• Certain medical conditions. Some medical conditions, such as diabetes and osteoporosis, can make people more susceptible to decay.  Changes in your immune system, a combination of multiple health issues, continued smoking, these are all things that contribute to tooth decay, as well as other serious dental problems.
  • Tooth loss. Tooth loss is also a frequent problem among seniors, and it can be caused by a number of factors, including tooth decay, gum disease, a fall or injuries. Tooth loss can make it difficult to eat and speak, and it can also lead to other health problems, such as malnutrition and depression.

Tips for Seniors to Maintain Good Oral Health

It is important to take care of your oral health to prevent these or other health problems as you age. Seniors are at increased risk for oral health issues and are more likely to develop tooth decay, gum disease, root decay, dry mouth, and/or oral cancer.

A healthy mouth can improve your quality of life. It allows you to eat, speak, and smile comfortably. It can also boost your confidence and self-esteem.

  • Brush your teeth twice a day for at least two minutes each time. Use a soft-bristled toothbrush and fluoride toothpaste.  Use a mouthwash to help freshen your breath and kill bacteria.
  • Floss once a day. This helps to remove plaque and bacteria from between your teeth where your toothbrush cannot always reach.
  • Avoid sugary foods and drinks. Eat a healthy diet with plenty of fruits, vegetables, and whole grains.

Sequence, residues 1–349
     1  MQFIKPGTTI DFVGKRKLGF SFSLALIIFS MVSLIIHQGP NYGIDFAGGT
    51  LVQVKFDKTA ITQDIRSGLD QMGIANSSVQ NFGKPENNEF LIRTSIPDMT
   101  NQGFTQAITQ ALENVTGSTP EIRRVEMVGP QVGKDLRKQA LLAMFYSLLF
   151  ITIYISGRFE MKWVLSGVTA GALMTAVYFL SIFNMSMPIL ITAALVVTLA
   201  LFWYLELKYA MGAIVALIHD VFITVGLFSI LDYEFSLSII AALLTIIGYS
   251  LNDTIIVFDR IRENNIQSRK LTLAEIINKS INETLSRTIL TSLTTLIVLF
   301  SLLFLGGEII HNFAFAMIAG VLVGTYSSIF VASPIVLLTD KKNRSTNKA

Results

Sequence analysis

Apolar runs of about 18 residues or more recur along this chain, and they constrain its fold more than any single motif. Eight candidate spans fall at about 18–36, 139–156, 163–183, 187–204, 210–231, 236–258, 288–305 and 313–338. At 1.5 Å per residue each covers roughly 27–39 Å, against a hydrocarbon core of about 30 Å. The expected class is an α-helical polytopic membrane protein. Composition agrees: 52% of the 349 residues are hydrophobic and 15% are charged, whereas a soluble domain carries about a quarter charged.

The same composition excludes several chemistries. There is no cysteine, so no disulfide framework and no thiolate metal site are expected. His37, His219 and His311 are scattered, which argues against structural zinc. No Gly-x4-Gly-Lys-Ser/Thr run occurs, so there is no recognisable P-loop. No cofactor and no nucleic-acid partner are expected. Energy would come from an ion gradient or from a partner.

• See your dentist for regular checkups and cleanings. Your dentist can identify and treat dental problems early before they become more serious issues.

In addition to the oral health tips above, here are some other things you can do to help maintain a youthful smile as you age:

  • Whiten your teeth. Teeth can become stained and yellow over time. Whitening your teeth can help to restore their brightness.
  • Get cosmetic dentistry procedures. If you have chipped, cracked, or crooked teeth, you may want to consider getting a cosmetic dentistry procedure to improve your appearance.  It is never too late to improve your smile.
  • Protect your teeth from wear and tear. Avoid chewing on hard objects, such as ice or hard candy.
  • Be mindful of gum health. Gum disease is a common problem among seniors, and it can lead to tooth loss, infections, and pain.  Be sure to brush your gums gently and floss regularly to keep your gums healthy.
  • Stay hydrated. Dry mouth can make it difficult to chew and swallow food, and it can also increase the risk of tooth decay and gum disease. Drink plenty of water throughout the day to stay hydrated.
  • Avoid smoking and excessive alcohol use. Smoking and excessive alcohol use can damage your teeth and gums. If you smoke or drink excessively, talk to your doctor about ways to quit.

Good oral healthcare is important at every age, from adolescents to seniors, and every age in between.  At Kingston Dental Care, we want to make sure your teeth stay healthy, function properly, and look great no matter how young or how old you may be.  

This means that protecting the health and safety of our patients and their families is our number one priority.  Our highly professional and efficient dentists, dental assistants, and hygienic staff provide quality, comprehensive dental care so that we can serve the dental needs of all our community.   We never lose sight of our #1 goal: Patients always come first.